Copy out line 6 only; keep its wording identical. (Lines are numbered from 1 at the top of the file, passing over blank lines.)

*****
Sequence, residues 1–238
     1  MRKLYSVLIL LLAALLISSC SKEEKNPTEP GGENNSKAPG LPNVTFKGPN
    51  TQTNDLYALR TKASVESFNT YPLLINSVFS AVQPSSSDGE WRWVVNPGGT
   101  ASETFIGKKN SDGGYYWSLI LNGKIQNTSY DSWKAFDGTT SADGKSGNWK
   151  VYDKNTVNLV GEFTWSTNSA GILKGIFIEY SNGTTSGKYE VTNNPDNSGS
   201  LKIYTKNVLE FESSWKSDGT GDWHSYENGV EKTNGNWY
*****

   201  LKIYTKNVLE FESSWKSDGT GDWHSYENGV EKTNGNWY